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ANGLO-NORMAN ENGLAND. CHANGE AND CONTINUITY. THE ECONOMY. Be aware of pre-existing economic trends Expanding economies and populations Towns,markets,trade and use of money all growing NORMAN CONQUEST HAD A SHORT TERM NEGATIVE IMPACT as revealed by Domesday 100s of towns ‘wasted’.

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anglo norman england

ANGLO-NORMAN ENGLAND

CHANGE AND CONTINUITY

the economy
THE ECONOMY
  • Be aware of pre-existing economic trends
  • Expanding economies and populations
  • Towns,markets,trade and use of money all growing
  • NORMAN CONQUEST HAD A SHORT TERM NEGATIVE IMPACT as revealed by Domesday
  • 100s of towns ‘wasted’
b ounce back
BOUNCE BACK
  • Quick recovery
  • England fits into general European trend
  • Having devastated the economy, the Normans helped rebuild it
  • 21 new towns between 1066 and 1100
  • Another 19 before 1130
  • Norman building projects such as Cathedrals
  • Squeezing the peasants ( led to increase in productivity)
class relations
CLASS RELATIONS
  • Impact on Commoners varied – initial plunder, forest laws, etc
  • Increased rents and build up of demesnes
  • Standing of freemen and sokemen declined
  • However, hastened demise of slaveholding. 25% decline in Essex noted in Domesday
  • But, hardening of line between free peasant and villani (villeins)
town dwellers
TOWN DWELLERS
  • Treated reasonably well ( London guaranteed traditional rights)
  • New French immigrants
  • French influence (mayors etc)
  • Introduction of Jewish community
  • MARKED CHANGE IN THE SOCIAL AND LEGAL STRUCTURE BY NORMANS DESPITE LIMITED ECONOMIC IMPACT
the aristocracy
THE ARISTOCRACY
  • Shift toward primogeniture
  • Shift from aristocratic clans to lineages (adoption of surnames – Golden Testicles)
  • Opened England to the developing ethos of chivalry
  • CHANGES IN ARISTOCRATIC SOCIETY IMPORTANT BECAUSE, DESPITE BEING A SMALL MINORITY, SO MUCH POWER AND INFLUENCE WAS HELD IN THEIR HANDS
religion and the church
Religion and the Church
  • Church was source of power through its lands and influence
  • Normans replaced Church leadership with foreigners
  • Lesser figures left in place (little military threat)
  • The Church was a conduit for foreign influence but also bastion of English culture!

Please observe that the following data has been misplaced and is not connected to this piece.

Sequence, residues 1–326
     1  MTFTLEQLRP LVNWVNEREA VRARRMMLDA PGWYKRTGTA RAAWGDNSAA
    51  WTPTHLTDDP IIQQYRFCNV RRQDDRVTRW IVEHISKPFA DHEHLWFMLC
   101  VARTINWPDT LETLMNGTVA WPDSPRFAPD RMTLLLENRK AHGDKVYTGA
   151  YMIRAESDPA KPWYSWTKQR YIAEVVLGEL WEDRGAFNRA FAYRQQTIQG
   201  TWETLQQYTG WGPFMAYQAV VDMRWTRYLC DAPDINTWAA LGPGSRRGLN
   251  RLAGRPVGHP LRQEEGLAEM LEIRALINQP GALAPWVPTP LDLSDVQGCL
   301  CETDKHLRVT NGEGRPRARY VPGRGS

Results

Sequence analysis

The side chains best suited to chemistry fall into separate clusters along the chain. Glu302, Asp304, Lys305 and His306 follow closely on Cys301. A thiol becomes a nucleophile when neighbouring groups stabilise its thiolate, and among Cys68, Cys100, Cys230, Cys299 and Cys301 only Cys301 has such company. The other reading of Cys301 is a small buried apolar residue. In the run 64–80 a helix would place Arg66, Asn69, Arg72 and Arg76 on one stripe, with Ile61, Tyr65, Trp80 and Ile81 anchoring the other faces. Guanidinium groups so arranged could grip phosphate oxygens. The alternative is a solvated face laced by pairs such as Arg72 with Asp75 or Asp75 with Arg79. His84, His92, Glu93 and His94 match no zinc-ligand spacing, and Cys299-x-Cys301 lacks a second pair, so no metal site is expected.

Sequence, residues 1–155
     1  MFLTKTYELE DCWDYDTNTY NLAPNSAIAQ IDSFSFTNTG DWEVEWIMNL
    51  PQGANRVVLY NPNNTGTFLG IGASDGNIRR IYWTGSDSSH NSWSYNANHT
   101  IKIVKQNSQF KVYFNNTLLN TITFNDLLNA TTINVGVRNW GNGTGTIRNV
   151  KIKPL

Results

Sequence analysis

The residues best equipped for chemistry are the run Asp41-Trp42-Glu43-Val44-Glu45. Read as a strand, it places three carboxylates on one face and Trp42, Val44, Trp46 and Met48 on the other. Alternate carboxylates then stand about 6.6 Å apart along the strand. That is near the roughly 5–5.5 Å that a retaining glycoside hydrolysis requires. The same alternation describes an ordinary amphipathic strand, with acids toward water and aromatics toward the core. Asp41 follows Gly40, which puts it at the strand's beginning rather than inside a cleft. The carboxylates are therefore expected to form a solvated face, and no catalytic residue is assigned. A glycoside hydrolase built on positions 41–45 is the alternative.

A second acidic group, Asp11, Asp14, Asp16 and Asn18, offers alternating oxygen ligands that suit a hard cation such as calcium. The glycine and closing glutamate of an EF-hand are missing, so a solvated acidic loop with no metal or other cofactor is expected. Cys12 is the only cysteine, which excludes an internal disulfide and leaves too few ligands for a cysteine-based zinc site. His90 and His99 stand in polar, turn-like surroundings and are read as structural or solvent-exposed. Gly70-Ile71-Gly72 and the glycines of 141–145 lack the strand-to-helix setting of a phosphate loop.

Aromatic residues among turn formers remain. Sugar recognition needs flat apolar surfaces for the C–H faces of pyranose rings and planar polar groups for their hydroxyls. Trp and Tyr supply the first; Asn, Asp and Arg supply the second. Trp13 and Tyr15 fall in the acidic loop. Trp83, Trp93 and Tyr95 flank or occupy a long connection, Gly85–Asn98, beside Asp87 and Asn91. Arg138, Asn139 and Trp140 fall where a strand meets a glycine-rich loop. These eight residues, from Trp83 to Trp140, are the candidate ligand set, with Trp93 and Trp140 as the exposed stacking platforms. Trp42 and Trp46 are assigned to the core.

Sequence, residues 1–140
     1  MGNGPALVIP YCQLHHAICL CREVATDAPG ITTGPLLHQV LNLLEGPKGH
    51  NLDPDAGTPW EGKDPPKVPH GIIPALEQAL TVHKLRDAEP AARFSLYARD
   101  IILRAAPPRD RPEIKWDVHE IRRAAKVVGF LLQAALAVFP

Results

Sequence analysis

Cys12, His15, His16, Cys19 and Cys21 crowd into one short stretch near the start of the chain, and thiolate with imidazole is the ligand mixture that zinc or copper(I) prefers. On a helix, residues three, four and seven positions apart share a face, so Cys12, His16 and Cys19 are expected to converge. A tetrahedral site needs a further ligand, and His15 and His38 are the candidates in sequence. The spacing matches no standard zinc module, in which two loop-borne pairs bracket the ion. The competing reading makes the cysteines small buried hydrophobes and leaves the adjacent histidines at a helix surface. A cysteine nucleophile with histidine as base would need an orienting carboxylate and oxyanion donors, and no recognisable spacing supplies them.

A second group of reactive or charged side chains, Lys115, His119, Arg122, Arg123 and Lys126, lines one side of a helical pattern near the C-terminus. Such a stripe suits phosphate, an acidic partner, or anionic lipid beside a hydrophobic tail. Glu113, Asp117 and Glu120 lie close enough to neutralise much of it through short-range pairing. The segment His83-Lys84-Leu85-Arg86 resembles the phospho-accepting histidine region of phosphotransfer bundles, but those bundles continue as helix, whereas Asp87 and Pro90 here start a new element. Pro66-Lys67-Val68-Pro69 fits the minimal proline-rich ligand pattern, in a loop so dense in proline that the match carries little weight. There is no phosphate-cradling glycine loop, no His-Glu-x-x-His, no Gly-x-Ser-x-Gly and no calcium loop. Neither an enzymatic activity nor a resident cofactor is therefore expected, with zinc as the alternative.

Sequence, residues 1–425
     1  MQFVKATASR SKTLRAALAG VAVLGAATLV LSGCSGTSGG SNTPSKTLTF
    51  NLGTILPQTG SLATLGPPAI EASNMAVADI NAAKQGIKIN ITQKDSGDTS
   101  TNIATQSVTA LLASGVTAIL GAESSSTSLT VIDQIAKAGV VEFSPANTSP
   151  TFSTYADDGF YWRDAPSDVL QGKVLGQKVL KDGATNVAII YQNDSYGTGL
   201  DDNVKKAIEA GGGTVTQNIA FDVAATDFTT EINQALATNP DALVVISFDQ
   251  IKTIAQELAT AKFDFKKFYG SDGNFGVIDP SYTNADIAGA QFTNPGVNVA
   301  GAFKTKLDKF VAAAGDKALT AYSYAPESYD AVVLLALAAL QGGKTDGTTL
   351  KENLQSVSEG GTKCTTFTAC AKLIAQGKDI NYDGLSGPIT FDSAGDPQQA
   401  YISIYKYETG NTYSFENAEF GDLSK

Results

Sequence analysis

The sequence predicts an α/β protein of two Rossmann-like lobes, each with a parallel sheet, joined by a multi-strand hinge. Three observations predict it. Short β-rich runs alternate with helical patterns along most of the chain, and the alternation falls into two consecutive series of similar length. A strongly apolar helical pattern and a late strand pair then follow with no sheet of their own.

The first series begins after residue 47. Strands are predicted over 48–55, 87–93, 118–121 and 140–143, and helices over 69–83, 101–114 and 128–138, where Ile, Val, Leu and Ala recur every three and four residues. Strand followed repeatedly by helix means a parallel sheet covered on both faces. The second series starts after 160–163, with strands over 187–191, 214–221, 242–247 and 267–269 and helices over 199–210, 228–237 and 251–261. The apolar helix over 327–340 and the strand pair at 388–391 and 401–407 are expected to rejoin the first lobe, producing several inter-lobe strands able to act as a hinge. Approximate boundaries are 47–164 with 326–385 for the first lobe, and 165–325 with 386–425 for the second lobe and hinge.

• Institution in which Saxon and Norman culture intermingled
church wealth
Church Wealth
  • Normans seized land and wealth of church
  • Abingdon’s loss of 9,600 silver coins worth of assets
  • Stripping of statues at Ely
  • Waltham Abbey stripped of 10,000 marks worth of treasure
  • Church officials forced to melt down items to meet Norman taxes and demands
robbing peter to pay paul
Robbing Peter to pay Paul
  • English Church robbed to enrich Norman ones
  • Military quotas placed on religious houses
  • In 1086 20% of church’s land held by laity
  • CHURCH LANDS HELD BY KNIGHTS SOON BECAME PERMANENT AND HEREDITARY TENURES thus reducing ecclesiastical control.
conclusion to be drawn
CONCLUSION TO BE DRAWN
  • NORMAN CONQUEST DIMINISHED ECCLESIASTICAL WEALTH AND LANDHOLDING BOTH DIRECTLY AND INDIRECTLY
normans as patrons
NORMANS AS PATRONS
  • Saw Church as guide on path to Heaven
  • Patronage initially went to religious houses in France (£1000 per annum from England’s wealth of £72,000)
  • However, migrants and Normans patronised the Church in England from the beginning
  • Norman generosity soon compensated for losses!
normans as reformers
Normans as Reformers
  • William appointed reformer to head church
  • Lanfranc
  • England brought into line with reform movement
  • Norman leaders eventually began to resist reforming papacy
  • Note William’s demand that bishops and abbots swear fealty for their lands
organisational reform
ORGANISATIONAL REFORM
  • Advanced development of Church Courts
  • Promoted role of Archdeacon
  • Bishoprics moved from rural to urban settings
  • Introduction of Cluniac order
  • Changes to liturgy
  • Abandonment of English as a language of religious writing
  • Promotion of Latin